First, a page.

Taking the C3 out on the road, the smooth drive, upgraded suspension and cosy chair make for an enjoyable and comfortable experience, with less noise and less vibration, while the punchy three-cylinder turbocharged engine, delivering 110hp, is responsive under foot.
The car is nippy on country roads and can be thrown into corners, although realistically this is a car that will spend most of its time roaming city streets – and it’s great at that.
Plump for an S&S (start and stop) engine – S&S-equipped models start at £13,295 – and the new C3 will save fuel when you stop at traffic lights or are stuck in rush-hour queues, by cutting the engine when you’re not moving and automatically starting it up again as soon as you hit the accelerator.
Back inside the cabin, those sitting in the front will appreciate their bright and airy surroundings – there’s plenty of headroom, and a comfortable distance between the two front passengers, which increases the comfort of the new C3 further.
There are a few small niggles though. The driver footwell is a little on the narrow side – we found our large size 12 feet catching each other from time to time, while there doesn’t seem to be a great deal of space between the clutch and brake pedals.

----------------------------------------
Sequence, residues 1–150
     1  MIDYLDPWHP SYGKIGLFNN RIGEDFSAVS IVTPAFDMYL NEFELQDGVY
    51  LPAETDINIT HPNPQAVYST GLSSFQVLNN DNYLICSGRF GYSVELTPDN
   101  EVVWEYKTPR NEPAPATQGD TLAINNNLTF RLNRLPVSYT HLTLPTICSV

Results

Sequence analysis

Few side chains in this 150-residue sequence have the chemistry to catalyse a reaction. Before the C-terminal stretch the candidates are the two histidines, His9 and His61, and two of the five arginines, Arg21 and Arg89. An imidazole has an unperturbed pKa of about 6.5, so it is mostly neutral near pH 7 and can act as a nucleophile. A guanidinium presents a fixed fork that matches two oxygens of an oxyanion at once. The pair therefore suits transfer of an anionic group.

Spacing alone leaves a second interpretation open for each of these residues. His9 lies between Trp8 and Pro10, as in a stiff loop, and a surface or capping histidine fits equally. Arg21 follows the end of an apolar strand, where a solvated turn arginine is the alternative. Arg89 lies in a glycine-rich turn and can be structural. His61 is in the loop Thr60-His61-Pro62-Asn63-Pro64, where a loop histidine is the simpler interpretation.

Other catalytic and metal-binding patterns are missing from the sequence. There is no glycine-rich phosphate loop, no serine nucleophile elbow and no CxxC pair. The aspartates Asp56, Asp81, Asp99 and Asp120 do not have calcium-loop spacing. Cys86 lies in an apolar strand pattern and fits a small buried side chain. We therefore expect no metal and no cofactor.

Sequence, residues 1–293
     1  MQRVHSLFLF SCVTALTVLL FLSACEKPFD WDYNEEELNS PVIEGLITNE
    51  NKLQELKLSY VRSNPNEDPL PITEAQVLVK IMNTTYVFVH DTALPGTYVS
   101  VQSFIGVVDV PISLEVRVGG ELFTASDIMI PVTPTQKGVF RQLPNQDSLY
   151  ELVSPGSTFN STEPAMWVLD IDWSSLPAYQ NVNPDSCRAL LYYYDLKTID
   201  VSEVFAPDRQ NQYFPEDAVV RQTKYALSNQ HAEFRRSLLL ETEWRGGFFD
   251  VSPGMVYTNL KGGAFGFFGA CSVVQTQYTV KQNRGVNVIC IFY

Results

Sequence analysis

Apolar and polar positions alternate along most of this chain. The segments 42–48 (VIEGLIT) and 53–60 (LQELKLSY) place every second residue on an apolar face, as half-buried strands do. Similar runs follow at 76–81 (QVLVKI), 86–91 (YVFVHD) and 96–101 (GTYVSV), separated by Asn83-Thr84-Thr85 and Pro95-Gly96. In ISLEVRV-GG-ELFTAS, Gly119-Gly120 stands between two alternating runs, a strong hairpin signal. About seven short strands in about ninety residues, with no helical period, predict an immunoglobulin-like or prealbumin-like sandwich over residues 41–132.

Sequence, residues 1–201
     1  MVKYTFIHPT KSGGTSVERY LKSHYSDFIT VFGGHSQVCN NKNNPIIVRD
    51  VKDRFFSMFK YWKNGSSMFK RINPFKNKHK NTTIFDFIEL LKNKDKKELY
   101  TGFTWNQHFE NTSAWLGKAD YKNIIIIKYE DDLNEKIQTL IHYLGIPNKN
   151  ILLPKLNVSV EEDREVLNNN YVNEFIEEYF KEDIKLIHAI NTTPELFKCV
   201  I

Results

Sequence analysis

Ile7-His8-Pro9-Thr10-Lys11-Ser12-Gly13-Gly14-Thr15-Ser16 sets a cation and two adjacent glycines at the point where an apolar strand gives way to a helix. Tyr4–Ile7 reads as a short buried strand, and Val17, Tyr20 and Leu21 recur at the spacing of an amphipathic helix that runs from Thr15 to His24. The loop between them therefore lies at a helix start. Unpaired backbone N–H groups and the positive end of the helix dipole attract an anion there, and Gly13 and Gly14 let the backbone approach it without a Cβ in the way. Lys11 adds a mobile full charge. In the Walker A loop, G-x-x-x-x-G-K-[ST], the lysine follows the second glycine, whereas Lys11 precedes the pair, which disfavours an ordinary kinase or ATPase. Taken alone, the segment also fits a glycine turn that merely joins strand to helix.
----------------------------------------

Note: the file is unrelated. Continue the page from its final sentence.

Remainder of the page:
Hop in the back, and, in contrast to the front, headroom for those who are six foot or taller is at a minimum, thanks to the rear seats being slightly more elevated. The bench seat is still comfortable though, and legroom is adequate for a car this size.
There’s plenty of room in the boot, meanwhile, with a 300L capacity capable of easily taking the weekly family shop or a couple of suitcases.
Hey road, say ‘cheese’
Until recently you’d only find extensive tech features in cars costing more than double the price of the new C3; but manufacturers are slowly starting to filter the treats down their ranges, and Citroen has taken things even further with this third-generation model.
The new C3 is the first car in Citroen’s range to boast its ConnectedCam.
This comes as standard with the top of the line Flair model, while it’s a £380 optional extra with the Feel trim; unfortunately you can’t get it with the entry-level Touch trim.
The ConnectedCam is a wide-angle HD camera that’s mounted behind the rear-view mirror, and faces forward towards the open road.
There are two buttons on the camera, one for snapping photos and the other for shooting video, allowing you to capture your most epic of road trips. The camera comes with 128GB of storage, which means you’re unlikely to run out of space on a single journey – although you can’t view your snaps or footage on the 7-inch touchscreen, which feels like a bit of a missed opportunity.